How did you get this band The Creatures together?
J5: Well, I was recording my instrumental stuff. I had recorded so many records, but I never played live shows. The drummer that I use said, “You should do some live shows.” And I said, “Well, it’s tough. The Zombie schedule is so busy,” but I said, “I’d love to do it. We’re going to have to get somebody. Let’s do it. Let’s do some shows.” I was really nervous because I’ve never done these kinds of shows. I didn’t know if people would show up, I didn’t know if people were going to care, I didn’t know anything about it. But we went out there, and it was such a huge success, and I was so happy. It just really changed my life, and we just said, “All right. Let’s do this.” And it’s so much fun. I’m so happy that the drummer, Rodger Carter, kind of pushed me to do this. And it was wonderful. It really changed my life.

Does it continue to evolve, this project you’ve got?
J5: Yeah, absolutely. We’re doing another tour starting in November … we’re just going to keep doing it, keep doing it, and whenever I have time away from Zombie, I’ll be able to do this.

What did you enjoy most about working on the last record working with Rob? Was it different from any other records you worked on with Rob? Or did you like the songs better and do you think he’s underrated as a songwriter?
J5:  Well, the record we have coming out with Zombie now, that will come out next year, it is so good. We went up to his place, and it is very secluded, and there’s nothing out there. There are no distractions – really, really a great place to make great music, and you really have the time to live with it. And that’s what I think is very important, because you have the time to say, “Oh, let’s change this or make this better, or I can play it like this.” And I think that’s important, because a lot of bands they do these records and they have to deliver them at a certain time. We took our time and this record that’s going to be coming out … I mean, the songs are amazing. It’s great, it’s heavy and it’s just … you know, I was a Zombie fan before being in the band and this one’s going to be great that’s coming out.

Do you remember hearing White Zombie for the first time? What did you think of them?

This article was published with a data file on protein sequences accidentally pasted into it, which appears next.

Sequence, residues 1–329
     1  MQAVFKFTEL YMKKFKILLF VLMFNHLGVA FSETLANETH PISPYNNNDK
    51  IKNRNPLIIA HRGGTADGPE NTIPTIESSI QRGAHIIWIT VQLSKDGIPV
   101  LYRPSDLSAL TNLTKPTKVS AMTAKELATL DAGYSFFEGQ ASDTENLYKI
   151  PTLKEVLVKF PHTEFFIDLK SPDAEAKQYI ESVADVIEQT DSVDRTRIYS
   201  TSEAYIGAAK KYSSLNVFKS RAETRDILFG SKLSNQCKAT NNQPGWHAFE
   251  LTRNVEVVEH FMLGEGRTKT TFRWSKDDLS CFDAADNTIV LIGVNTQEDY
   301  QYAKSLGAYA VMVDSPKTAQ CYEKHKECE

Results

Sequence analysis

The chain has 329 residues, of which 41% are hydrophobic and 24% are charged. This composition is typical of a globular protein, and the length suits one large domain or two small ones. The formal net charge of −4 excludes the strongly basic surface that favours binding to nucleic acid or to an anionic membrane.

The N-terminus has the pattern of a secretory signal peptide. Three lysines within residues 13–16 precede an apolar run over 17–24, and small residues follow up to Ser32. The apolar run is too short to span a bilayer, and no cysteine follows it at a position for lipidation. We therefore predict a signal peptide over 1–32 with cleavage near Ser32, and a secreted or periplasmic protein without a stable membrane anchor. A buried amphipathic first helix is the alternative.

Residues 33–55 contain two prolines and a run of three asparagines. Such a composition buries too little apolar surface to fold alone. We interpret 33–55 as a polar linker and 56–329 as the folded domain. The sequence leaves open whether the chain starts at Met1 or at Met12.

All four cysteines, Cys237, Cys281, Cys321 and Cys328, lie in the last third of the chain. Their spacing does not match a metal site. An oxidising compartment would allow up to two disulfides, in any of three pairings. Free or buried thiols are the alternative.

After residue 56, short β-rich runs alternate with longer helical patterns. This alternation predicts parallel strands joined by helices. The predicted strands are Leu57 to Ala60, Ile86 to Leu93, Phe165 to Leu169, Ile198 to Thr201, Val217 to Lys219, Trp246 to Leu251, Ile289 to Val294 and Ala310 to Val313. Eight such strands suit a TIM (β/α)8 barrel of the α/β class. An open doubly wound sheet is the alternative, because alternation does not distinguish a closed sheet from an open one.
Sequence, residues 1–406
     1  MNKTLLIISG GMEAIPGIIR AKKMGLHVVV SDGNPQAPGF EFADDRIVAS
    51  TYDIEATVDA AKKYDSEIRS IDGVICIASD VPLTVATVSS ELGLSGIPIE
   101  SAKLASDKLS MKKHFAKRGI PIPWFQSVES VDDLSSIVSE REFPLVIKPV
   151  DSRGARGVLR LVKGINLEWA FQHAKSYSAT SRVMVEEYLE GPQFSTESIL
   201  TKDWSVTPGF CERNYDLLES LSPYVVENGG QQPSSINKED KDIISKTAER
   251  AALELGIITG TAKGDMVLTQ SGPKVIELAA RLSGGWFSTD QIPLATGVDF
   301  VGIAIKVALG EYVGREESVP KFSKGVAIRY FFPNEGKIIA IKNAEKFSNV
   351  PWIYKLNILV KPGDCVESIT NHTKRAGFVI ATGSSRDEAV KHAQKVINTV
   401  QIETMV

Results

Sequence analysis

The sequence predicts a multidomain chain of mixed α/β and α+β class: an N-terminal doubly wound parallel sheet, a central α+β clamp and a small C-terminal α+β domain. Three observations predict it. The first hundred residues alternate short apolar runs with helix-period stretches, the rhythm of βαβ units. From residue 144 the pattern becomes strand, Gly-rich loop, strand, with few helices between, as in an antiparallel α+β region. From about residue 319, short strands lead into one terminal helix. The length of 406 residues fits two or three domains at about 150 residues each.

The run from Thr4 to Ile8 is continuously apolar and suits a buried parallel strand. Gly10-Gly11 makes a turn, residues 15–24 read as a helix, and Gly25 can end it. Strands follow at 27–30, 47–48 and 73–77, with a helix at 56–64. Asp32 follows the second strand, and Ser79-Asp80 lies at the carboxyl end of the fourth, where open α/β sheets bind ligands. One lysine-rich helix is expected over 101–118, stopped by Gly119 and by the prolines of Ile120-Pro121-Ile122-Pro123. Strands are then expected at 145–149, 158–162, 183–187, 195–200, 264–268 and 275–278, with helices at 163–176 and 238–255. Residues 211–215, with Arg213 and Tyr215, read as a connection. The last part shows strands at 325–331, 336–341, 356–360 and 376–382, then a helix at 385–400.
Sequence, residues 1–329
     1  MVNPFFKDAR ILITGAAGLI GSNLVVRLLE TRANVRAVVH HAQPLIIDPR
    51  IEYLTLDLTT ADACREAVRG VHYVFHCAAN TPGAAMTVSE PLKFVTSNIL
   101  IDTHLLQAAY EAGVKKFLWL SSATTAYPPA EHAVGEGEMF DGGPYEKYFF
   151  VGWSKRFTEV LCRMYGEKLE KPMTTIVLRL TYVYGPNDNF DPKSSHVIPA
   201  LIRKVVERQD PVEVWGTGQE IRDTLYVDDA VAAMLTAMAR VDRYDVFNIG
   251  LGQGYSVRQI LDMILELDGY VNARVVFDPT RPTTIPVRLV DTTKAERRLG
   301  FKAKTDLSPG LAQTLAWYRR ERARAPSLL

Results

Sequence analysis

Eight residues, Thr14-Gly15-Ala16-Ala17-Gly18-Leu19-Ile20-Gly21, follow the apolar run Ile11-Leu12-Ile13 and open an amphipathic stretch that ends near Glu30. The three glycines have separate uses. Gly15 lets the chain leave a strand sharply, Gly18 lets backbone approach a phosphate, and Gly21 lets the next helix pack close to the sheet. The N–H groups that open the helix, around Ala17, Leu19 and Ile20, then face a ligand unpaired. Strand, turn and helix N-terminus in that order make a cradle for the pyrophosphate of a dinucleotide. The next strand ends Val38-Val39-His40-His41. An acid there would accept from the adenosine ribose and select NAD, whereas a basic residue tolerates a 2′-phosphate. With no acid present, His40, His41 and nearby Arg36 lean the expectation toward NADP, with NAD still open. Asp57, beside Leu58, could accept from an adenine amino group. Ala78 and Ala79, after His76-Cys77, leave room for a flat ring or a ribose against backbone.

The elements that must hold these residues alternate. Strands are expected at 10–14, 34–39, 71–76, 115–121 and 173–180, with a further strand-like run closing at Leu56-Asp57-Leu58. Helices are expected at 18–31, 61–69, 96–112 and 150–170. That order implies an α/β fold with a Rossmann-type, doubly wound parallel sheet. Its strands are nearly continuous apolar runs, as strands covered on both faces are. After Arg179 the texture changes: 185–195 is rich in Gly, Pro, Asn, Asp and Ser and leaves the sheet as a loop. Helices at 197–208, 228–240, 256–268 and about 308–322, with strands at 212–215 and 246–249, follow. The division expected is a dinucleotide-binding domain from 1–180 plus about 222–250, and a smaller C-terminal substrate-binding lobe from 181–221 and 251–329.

J5: Well, yeah, it was seeing the video of “Thunder Kiss ’65” … yeah, that was rad. It was the look, it was the sound and it was just cool. It was just something that you saw that made you say, “That’s got something special to it.” So, yeah, it was just a great, great, great thing.

"The Mad Monster Tour" dates:
Nov. 4 – Ramona, CA @ Ramona Mainstage
Nov. 5 – Los Angeles, CA @ Whiskey A Go Go**
Nov. 6 – Las Vegas, NV @ Count's Vamp'd**
Nov. 7 – Phoenix, AZ @ Marquee Theater**
Nov. 8 – Ventura, CA @ Discovery**
Nov. 10 – San Francisco, CA @ DNA Lounge**
Nov. 12 – Orangevale, CA @ Boardwalk**
Nov. 13 – Fresno, CA @ TBD
Nov. 18 – San Antonio, TX @ Sam's Burger Joint
Nov. 19 – Dallas, TX @ Trees
Nov. 20 – Tyler, TX @ Click's
Nov. 21 – Houston, TX @ Scout Bar

** Dates with Doyle

Short Cuts: Killing Joke, Huntress, Grave Digger

CD Review: Huntress  Static
Napalm Records
All Access Rating: A-
Huntress - Static 2015

Behind the scenes, Jill Janus is dealing with some pretty serious shit, including a cancer diagnosis and myriad mental health issues. She seems to be gaining strength from that which seems hell-bent on destroying her. An imposing female presence in the dark, mysterious underworld of occult-inspired heavy metal, Janus has emerged from the shadows with her band Huntress with the wrathful Static, a Napalm Records outing that's a lean, riff-hungry animal on the prowl for mean hooks, clearly articulated song structures and sinister, gloomy melodies. Taking full advantage of her four-octave range, Janus sings with fierce, commanding strength through heavy, menacing crawls like the title track, "Brian" and the record's smoldering centerpiece "Mania," while "I Wanna Want to Wake Up" grabs hold and doesn't let go and the fast-paced "Sorrow" loves the thrill of the chase. Graduating from the Tony Iommi school of riff creation with honors, Huntress unloads a truck full of them here, all simple and effective, driving such tracks as the awesomely titled "Harsh Times on Planet Stoked" and "Fire In My Heart" straight through hell without stopping. All hail the Huntress!

CD Review: Killing Joke – Pylon
Spinefarm Records
All Access Rating: A

Killing Joke - Pylon 2015
For some, the recent appearance of the so-called "Blood Moon" brought with it a dark foreboding and dire predictions that the apocalypse was nigh. Maybe they were just sensing that a new Killing Joke record was on the way. The four horsemen of metallic post-punk – including shamanistic front man Jaz Coleman, bassist Youth, guitarist Geordie and drummer Big Paul Ferguson – haven't diluted their ominous, fire-and-brimstone warnings in the slightest. An immersive experience layered with electronica and industrial sonic debris and enveloped in the all-encompassing glow of thousands of burning embers, the thrilling Pylon is angry and spiritual, urgent and expansive with deep, echoing vocals and tribal rhythms establishing a connection between the primitive, the divine and a confused, violent modernity. At times an enormous monster intent on devouring whatever gets in its way, Killing Joke's engrossing 16th studio album urgently stampedes through "Delete" and "Autonomous Zone" with slashing guitars and a rapid, pounding heart rate. The thundering intensity of an engorged "Dawn of the Hive" channels its rage through insistent, pummeling drums, and a giant wall of guitars is furiously erected in an icy "New Cold War" that explodes in a feverish crescendo, the track's starry atmospherics mirroring those of an infectious, racing "Euphoria" and the arresting beauty of the cinematic "Big Buzz." Slick and hypnotic, "War On Freedom" drives on with a relentless will, while "New Jerusalem" sets its hooks with slow deliberation, savoring its heavy riffs and menacing grooves. Repent now, humanity.